Dorian's Movie Reviews
Is it worth seeing? Reviews are presented with no cynicism, no comparisons, no biased standards, no pretentiousness - every movie is reviewed on its individual entertainment value including technical presentation.
This one is just for the laughs. When no-nonsense L.A.P.D. detective Mitch Preston (Robert De Niro) shoots an intrusive cameraman's camera, the camera falls in love with him. They are natural born enemies, but a lawsuit brings them cozily together in a TV series. What could improve on this? A second cop who loves the camera, Patrol Officer Trey Sellars (Eddie Murphy). While Sellars is hamming it up for the camera, Preston is seething at them both.
Preston doesn't hate Sellars just for being a bumbling, camera happy cop. Sellars and Preston are brought together for the first time when Sellars stumbles onto Preston's drug bust and ruins it, nearly getting them all killed by a new super-weapon. Sellars's premier performance for the camera is being handcuffed to a fence by an irate Preston. This, too, wins him a place in the hearts of the audience... or at least the producers who know a good element when they see one. Of course these two would now want to spend their lives together, with the camera, and the audience wants to see them try it.
Character makes the magic in this movie, through good acting performances, but it springs from well written situations, a few sight gags, and some nice camera effects. De Niro and Murphy work well together hating each other. For supporting actors, who could be no-nonsense Preston's acting tutor better than William Shatner, who provides some physical comedy himself? (Nice casting.) For sight gags, the veteran cameraman running and falling over a fire hydrant is great. The shot down the side of the tall hotel building was not only breath taking, but also great setup for the scenes that followed.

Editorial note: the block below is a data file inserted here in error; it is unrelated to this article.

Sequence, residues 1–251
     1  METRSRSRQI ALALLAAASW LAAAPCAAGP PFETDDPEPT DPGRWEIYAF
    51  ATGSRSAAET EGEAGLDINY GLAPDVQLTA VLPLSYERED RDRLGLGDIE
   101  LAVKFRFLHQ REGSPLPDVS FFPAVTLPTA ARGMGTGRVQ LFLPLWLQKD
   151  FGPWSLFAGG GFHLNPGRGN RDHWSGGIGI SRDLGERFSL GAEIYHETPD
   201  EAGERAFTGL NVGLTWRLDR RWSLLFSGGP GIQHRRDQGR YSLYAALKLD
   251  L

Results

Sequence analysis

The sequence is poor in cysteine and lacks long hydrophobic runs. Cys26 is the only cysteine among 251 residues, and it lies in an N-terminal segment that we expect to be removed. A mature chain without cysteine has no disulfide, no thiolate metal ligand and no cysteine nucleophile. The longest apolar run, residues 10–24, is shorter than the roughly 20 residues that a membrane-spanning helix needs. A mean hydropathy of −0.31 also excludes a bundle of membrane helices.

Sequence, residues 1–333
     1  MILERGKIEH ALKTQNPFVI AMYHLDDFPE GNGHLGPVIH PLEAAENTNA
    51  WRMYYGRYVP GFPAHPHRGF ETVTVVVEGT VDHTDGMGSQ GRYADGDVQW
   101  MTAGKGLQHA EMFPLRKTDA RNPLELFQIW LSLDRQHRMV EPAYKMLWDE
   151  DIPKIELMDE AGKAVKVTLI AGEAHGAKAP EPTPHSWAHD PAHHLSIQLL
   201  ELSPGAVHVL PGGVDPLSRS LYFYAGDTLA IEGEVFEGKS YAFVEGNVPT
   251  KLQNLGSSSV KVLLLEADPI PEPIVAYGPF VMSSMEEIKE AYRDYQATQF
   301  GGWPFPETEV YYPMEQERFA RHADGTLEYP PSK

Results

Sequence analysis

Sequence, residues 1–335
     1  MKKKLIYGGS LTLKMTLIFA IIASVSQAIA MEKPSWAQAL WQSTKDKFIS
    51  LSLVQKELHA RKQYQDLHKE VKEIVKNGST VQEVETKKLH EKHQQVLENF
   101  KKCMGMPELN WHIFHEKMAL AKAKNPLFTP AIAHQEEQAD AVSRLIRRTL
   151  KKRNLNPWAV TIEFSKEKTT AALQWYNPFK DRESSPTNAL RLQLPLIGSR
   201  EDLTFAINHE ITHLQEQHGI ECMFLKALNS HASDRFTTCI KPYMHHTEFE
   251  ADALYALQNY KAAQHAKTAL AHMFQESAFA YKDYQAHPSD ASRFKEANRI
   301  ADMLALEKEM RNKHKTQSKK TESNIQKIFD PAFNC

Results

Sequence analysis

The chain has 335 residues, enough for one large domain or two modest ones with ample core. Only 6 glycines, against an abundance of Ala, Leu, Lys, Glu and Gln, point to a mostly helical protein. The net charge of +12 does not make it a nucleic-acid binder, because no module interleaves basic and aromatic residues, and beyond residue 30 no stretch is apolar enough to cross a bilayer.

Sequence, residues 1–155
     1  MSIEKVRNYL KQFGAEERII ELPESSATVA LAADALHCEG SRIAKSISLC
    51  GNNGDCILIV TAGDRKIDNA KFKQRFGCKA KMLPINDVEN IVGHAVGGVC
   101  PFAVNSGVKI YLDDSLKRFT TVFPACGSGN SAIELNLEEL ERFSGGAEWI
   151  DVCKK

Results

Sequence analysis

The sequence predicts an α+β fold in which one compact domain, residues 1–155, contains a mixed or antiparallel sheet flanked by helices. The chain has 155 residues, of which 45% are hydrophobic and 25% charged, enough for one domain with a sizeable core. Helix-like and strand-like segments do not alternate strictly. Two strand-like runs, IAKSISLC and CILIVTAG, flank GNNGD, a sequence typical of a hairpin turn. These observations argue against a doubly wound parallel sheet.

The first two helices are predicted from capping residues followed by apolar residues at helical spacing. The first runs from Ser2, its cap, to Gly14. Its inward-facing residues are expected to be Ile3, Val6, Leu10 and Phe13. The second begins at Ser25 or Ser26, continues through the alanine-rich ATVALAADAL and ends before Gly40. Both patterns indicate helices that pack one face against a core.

The set was put to very good use in this movie, from the intrusive cameras, to using cameras as part of the plot and resolving the plot, the use of the TVs and showing the choppers on TV, to the car chases. It was also well edited, never confusing, always showing character reactions.
I give this one four spotlights out of a possible five for the writing, acting, directing, production design, casting, editing, music, costume design, choreography, cinematography, casting, and entertainment value. It carries a PG-13 rating. Enjoy!
My comments below attempt to draw attention to things that make a movie good, especially if they made major contributions, and for professional judgments on these various arts, the reader should consult professionals in these arts.
Note: No half spotlights are given.
My reviews are not based much on my personal taste, or any standard besides entertainment value. I try to be as objective as possible, keeping in mind that entertainment value is very subjective and individualized. If I'm not interested in a movie I usually don't go see it, so it doesn't get reviewed. Each character, and each position in the production company might be highlighted if the contribution affected the enjoyment of the story as either outstanding or dismal and I noticed it, keeping in mind that many contributions are singularly distinguished by their seamless integration with the story, not calling attention to themselves and thereby escaping attention.
- Dorian Scott Cole
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